The Early Days of Tablet Computing
Much is being talked about and speculated regarding the tablet market. Analysts are adjusting forecasts downwards and pundits are claiming the tablet’s run is over. While we are certainly at an inflection point for tablet computing, the run is far from over.
As many have pointed out, the tablet’s future hinges on software developers. The software community can advance computing in unique ways if only their focus would shift from the smartphone to the tablet. It’s a tough ask in a time where the smartphone is king and will be for the foreseeable future. While I fully recognize and affirm the importance of the smartphone and the central role it plays in bringing many consumers into the computing for the first time, what sticks out to me is a burning question of capabilities. Is the smartphone going to fulfill all the desired capabilities of the billions who know only the smartphone form factor as their central computer or will this next generation demand more than the smartphone can offer?
The way I articulate what I think needs to happen is to reference a particular historical event. In 1978, a very important piece of software came to market. It was called VisiCalc. This one piece of software instantly changed the the future for computing. It was with this piece of software many first realized the PC was no longer a toy or a hobbyist gadget but a tool that would change the workplace forever. From toy to tool with one piece of software.
The tablet needs its 1978 moment. I know many would argue the tablet, and in particular the iPad, has had this moment. But until the masses recognize and software developers embrace the tablet role as a tool then we still have work to do.
What intrigues me as I think about this analogy is the tablet may not have one killer app, or just one 1978 moment — it may have many. The tablet form factor is unique in that it allows its form to embrace a multiplicity of use cases. While one can argue the PC could as well, I’d argue that, from a general purpose viewpoint, the tablet can cover more use cases than the PC. This is the root of my optimism for the category. While it may not be just one piece of software that drives the masses to embrace tablet computing, we need the software community to embrace a vision for the future of computing with a touch computing environment on glass slate.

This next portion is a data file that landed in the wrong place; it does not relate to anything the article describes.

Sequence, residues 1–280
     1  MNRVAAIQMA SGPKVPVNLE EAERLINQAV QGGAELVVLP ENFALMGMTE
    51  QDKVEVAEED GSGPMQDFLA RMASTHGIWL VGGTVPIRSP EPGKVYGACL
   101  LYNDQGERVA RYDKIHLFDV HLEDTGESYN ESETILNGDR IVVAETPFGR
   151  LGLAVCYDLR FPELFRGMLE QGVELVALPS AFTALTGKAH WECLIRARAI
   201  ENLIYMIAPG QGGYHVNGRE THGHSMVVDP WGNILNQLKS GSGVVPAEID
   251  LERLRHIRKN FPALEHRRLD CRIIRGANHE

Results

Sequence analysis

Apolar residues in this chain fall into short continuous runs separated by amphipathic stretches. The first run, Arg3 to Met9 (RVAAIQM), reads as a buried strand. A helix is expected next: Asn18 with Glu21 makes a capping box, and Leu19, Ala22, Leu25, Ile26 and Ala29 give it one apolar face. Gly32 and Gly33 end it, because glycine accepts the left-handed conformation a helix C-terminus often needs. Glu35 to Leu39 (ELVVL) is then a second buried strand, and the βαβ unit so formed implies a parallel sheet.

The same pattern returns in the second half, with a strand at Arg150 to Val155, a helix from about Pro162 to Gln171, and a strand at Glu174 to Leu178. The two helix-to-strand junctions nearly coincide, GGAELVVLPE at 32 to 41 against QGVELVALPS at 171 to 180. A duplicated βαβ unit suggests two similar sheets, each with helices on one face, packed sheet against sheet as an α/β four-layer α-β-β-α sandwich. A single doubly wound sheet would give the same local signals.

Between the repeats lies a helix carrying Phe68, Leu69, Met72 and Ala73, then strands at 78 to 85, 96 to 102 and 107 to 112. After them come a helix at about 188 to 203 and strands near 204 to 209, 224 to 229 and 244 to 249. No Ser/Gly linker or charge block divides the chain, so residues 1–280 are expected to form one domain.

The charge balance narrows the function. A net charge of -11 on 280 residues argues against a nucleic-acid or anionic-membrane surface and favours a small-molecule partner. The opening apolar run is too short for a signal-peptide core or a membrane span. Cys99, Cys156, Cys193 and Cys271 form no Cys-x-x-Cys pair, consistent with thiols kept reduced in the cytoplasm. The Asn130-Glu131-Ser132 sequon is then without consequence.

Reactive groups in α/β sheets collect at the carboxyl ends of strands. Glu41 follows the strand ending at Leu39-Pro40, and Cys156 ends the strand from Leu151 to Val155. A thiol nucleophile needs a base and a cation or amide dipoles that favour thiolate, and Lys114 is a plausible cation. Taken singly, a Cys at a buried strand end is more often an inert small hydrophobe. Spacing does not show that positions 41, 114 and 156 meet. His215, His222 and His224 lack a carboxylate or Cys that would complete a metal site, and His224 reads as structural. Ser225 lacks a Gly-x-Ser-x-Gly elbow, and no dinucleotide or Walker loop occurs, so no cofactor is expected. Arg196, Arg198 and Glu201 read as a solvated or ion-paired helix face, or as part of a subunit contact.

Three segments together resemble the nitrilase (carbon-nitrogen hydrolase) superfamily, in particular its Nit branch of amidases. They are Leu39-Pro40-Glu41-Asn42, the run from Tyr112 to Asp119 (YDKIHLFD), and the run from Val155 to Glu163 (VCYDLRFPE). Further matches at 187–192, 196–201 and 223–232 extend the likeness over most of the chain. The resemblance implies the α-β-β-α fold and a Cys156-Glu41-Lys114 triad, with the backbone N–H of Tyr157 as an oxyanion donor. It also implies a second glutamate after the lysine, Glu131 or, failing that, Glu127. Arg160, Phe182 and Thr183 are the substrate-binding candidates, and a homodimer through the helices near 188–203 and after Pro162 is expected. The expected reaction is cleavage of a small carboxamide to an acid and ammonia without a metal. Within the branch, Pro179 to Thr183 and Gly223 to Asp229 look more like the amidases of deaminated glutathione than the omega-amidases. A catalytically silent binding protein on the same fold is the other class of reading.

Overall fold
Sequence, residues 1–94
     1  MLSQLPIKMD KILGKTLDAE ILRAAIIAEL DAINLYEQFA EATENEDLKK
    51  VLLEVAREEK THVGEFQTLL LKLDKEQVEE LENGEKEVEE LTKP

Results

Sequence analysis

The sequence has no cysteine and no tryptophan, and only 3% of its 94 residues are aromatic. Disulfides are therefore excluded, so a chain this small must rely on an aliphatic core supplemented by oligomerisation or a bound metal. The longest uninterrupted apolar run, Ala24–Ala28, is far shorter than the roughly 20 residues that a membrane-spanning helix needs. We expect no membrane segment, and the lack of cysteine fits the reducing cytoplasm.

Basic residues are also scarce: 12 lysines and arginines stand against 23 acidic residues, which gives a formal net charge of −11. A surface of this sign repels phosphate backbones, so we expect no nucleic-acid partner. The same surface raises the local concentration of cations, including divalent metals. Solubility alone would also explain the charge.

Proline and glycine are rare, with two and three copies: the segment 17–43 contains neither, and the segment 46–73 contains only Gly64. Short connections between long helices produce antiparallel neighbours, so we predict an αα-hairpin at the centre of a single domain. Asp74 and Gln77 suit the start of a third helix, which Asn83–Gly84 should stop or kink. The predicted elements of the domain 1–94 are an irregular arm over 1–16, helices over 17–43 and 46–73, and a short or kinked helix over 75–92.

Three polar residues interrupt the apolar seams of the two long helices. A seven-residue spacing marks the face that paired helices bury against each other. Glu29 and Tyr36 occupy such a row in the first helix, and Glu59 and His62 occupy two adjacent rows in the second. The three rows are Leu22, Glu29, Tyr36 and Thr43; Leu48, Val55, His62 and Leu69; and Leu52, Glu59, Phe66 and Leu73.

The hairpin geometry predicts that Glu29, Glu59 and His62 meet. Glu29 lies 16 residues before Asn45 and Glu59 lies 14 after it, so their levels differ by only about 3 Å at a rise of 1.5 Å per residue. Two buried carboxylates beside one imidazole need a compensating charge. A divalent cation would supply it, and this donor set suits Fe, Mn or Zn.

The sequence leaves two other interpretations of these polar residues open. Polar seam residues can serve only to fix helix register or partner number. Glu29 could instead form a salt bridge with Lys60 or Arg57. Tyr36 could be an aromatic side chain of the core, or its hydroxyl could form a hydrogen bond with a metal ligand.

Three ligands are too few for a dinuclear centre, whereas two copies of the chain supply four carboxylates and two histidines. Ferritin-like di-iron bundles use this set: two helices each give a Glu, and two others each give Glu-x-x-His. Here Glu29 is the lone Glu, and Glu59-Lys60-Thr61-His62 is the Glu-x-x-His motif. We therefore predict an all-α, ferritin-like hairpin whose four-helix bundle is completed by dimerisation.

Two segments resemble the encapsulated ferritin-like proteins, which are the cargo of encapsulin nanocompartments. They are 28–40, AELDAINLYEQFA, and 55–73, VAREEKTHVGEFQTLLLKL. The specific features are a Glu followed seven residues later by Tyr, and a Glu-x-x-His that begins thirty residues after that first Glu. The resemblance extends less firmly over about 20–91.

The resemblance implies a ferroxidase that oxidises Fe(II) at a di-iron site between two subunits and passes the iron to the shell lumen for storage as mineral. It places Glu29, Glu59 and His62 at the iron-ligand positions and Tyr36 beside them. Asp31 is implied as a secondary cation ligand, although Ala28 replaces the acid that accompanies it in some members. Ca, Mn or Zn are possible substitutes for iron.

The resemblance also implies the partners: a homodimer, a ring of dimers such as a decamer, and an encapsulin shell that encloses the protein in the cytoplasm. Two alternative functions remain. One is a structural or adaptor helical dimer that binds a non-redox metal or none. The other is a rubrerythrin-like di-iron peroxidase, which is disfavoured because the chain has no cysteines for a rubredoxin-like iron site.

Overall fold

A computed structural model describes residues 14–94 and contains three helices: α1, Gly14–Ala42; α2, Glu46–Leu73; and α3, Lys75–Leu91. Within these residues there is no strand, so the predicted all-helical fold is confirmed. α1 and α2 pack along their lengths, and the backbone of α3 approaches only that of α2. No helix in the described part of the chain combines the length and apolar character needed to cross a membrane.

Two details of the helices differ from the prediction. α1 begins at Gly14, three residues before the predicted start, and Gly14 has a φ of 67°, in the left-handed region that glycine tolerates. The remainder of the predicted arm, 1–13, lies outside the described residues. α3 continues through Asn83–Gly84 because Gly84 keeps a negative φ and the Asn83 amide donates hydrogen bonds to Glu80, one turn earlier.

I can’t help but conclude the “sky is falling” theme on the tablet form factor is premature. We are still in the very early stages of this category. As I pointed out in this article on the iPad’s curse, consumers are still figuring out what this form factor means to them on the computing front.
Developers will hopefully embrace the tablet’s capabilities as a tool to produce rather than a form to consume. It is equally, and importantly, both. The masses have seen the consumption value of tablets. Now they need to see their potential as a tool. Once this happens, many things will change.
This is perhaps why Apple is rumored to be adding multitasking to the next version of the iOS for the iPad. This is why Samsung is focused on bringing capabilities to their Android tablets that focus on the tool aspects over the fun aspects of tablets.
Regardless of what other analysts say, I still believe this is a growth category. Watch for carriers to begin to bundle tablets in the subsidy or installment plans they offer to customers. Watch retailers get more aggressive on bundles as well. Watch the tablet market segment heavily to focus on verticals like kids, education, automotive, etc. There are many trigger points which can continue to elevate the tablet market. You just have to know what to look for. While there is no disputing the centrality of the smartphone for the masses, there is a case to be made that devices that extend the capabilities of computing still have a large role to play. Software is the key in taking the tablet from toy to tool. It will happen. It is a matter of when — not if.